If you haven’t been before, GDC can be overwhelming. Obviously, try to go to talks that you like, but how do you navigate this enormous complex in downtown San Francisco? I’ve blogged about this before, but it’s worth a refresher. Here are a few tips that I’ve found improve my experience.
Get your stuff done before you arrive. There is a LOT to see at GDC, and every year it seems that a last minute videoconference bleeds over into some talk that I want to see, or some programming task bumps the timeslot I set aside for a blogpost, or a writing task that does the same. Try to get this stuff done before you arrive.
Build a schedule before the conference. You’ll change your mind the day of, but GDC has a great schedule builder that lets you quickly and easily find candidate talks. Use it, email yourself a copy, print one out, save a PDF, whatever. It will help you know where you need to go.
Get a nearby hotel. The 5th and Minna Garage near GDC is very convenient, but driving there, even just in the City, is a pain. GDC hotels are done several months in advance, but if you hunt on Expedia or your favorite aggregator you might find something. Read the reviews carefully and doublecheck with Yelp so you don’t get bedbugs or mugged.
Check in the day before. Stuff starts really early, so if you want to get to early talks, don’t even bother to fly in the same day. I know this seems obvious, but this isn’t a conference that starts at 5pm on the first day with a reception. The first content-filled talks start at 10am on Monday. Challenge mode: you can check in Sunday if you arrive early enough.
Leave early, find breakfast. Some people don’t care about food, and there’s snacks onsite. Grab a crossaint and cola, or banana and coffee, or whatever. But if you power-up via a good hot breakfast, there are a number of great places to eat nearby – the splendiferous Mo’z Café and the greasy spoon Mel’s leap to mind, but hey, Yelp. A sea of GDC people will be there, and you’ll have the opportunity to network, peoplewatch, and go through your schedule again, even if you don’t find someone to strike up a conversation with.
Ask people who’ve been before what they recommend. This post got started when I left early, got breakfast at Mo’z, and then let some random dude sit down on the table opposite me because the place was too crowded. He didn’t want to disturb my reading, but we talked anyway, and he admitted: “I’ve never been before? What do I do?” Well, I gave him some advice … and then packaged it up into this blogpost. (And this one.)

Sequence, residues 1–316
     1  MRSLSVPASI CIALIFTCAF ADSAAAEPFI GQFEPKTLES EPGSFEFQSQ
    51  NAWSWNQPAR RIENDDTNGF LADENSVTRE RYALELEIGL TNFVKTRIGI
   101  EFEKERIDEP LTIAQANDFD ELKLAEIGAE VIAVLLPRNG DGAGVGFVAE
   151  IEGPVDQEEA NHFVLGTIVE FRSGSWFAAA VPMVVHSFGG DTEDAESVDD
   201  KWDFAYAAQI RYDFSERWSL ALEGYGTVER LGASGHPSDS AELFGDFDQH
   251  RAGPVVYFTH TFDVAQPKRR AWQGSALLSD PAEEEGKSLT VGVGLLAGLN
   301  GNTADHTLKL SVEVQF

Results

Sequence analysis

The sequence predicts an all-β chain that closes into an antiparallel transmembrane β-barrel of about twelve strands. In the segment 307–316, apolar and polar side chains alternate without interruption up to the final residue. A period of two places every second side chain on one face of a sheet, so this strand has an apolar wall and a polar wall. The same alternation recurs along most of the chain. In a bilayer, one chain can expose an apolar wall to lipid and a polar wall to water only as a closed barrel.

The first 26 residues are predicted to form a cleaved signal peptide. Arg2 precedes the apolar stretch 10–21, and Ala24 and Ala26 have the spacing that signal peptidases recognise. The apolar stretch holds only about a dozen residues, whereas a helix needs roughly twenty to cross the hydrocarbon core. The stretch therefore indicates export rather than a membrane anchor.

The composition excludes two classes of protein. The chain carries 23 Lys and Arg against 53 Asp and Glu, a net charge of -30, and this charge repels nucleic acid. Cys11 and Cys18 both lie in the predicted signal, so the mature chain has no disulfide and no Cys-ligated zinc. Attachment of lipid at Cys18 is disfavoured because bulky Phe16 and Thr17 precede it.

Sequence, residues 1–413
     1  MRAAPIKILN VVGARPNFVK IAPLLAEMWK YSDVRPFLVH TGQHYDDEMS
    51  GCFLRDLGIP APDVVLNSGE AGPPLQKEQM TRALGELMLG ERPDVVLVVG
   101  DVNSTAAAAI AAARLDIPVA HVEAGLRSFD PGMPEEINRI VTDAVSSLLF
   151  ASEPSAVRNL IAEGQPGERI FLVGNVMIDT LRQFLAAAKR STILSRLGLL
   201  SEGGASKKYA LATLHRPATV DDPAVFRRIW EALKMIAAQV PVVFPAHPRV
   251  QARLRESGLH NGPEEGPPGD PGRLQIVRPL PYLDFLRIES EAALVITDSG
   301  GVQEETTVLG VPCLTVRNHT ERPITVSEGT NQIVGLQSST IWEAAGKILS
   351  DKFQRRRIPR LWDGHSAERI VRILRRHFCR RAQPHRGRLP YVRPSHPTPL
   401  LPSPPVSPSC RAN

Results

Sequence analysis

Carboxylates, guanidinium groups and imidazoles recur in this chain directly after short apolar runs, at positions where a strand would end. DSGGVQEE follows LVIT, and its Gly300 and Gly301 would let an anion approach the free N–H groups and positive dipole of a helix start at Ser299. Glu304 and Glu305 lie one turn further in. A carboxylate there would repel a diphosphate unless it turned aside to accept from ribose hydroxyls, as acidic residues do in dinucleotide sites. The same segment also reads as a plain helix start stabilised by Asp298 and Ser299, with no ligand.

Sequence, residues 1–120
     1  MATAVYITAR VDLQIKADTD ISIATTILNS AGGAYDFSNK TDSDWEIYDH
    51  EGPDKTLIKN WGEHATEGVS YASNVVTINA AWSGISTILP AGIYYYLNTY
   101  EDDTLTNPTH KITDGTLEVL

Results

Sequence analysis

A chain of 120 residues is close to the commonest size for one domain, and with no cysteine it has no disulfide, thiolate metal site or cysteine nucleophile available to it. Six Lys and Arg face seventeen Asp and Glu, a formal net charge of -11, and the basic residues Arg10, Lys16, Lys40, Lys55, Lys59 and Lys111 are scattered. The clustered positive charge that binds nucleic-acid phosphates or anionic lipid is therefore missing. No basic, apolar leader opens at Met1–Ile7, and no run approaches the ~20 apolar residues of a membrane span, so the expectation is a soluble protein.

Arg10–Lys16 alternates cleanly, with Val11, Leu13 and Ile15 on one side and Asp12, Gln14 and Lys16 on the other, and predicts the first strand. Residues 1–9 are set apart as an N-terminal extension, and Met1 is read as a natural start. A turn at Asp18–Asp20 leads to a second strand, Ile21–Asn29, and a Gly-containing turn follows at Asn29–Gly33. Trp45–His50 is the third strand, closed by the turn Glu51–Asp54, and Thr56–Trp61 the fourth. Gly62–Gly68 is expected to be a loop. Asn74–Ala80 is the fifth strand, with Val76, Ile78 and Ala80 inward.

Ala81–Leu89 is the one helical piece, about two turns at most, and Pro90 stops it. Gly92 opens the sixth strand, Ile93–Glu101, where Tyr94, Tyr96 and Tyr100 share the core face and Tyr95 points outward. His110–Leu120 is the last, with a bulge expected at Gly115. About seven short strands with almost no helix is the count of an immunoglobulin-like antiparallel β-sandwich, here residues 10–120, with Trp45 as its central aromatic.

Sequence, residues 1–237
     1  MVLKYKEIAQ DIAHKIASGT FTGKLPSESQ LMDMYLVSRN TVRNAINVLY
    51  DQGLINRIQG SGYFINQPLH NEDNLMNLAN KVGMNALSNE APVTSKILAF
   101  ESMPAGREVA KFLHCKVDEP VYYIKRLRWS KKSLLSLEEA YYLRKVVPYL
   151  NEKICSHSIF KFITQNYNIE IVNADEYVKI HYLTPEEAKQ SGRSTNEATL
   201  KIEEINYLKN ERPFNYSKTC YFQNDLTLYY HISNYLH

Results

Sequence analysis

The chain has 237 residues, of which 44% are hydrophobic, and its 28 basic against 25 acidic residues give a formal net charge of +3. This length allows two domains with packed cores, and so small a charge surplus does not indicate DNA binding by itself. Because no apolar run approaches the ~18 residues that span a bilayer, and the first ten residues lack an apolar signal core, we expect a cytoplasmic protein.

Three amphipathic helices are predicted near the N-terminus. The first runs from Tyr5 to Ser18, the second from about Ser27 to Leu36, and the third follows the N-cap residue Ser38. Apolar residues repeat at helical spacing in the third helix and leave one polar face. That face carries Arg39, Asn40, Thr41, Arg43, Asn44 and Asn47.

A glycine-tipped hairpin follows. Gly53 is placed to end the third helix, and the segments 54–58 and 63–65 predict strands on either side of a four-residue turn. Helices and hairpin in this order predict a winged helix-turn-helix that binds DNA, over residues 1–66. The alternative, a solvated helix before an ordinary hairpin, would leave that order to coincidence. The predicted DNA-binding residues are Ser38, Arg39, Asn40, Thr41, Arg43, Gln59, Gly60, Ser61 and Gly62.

Network, network, network. Bring business cards. (I am so bad at this!) Take business cards. Introduce yourself to people (but don’t be pushy). Ask what they’re up to. Even if you are looking for a job, you’re not looking for a job: you want people to get to know you first before you stick your hand out. Even if you’re not really looking for a job, you are really looking for a job, three, five or ten years later. I got hired into the Search Engine that Starts with a G from GDC … and I wasn’t even looking.
Learn, learn, learn. Find talks that look like they may answer questions related to problems that you have in your job. Find talks that look directly related to your job. Find talks that look vaguely related to your job. Comb the Expo floor looking for booths that have information even remotely related to your job. Scour the GDC Bookstore for books on anything interesting – but while you’re here: learn, learn, learn.
Leave early if you want lunch or dinner. If you don’t care about a quiet lunch, or you’ve got a group of friends you want to hang with, or colleagues you need to meet with, or have found some people you want to talk to, go with the flow, and feel comfortable using your 30 minute wait to network. But if you’re a harried, slightly antisocial writer with not enough hours in the day needing to work on his or her writing projects aaa aaa they’re chasing me, then leave about 10 minutes before the lunch or dinner rush to find dinner. Nearby places just off the beaten path like the enormous Chevy’s or the slightly farther ’wichcraft are your friends.
Find groups or parties or events to go to. I usually have an already booked schedule, but there are many evening parties. Roundtables break up with people heading to lunch or dinner. There may be guilds or groups or clubs or societies relating to your particular area; find them, and find out where they meet or dine or party or booze. And then network.
Hit Roundtables in person; hit the GDC Vault for conflicts. There are too many talks to go. Really. You’ll have to make sacrifices. Postmortems on classic games are great talks to go to, but pro tip: the GDC Roundtables, where seasoned pros jam with novices trying to answer their questions, are not generally recorded. All other talks usually end up on the GDC Vault, a collection of online recordings of all past sessions, which is expensive unless you…
Get an All Access Pass. Yes, it is expensive. Maybe your company will pay for it; maybe it won’t. But if you really are interested in game development, it’s totally worth it. Bonus: if you come back from year to year, you can get an Alumni discount if you order early. Double bonus: it comes with a GDC Vault subscription.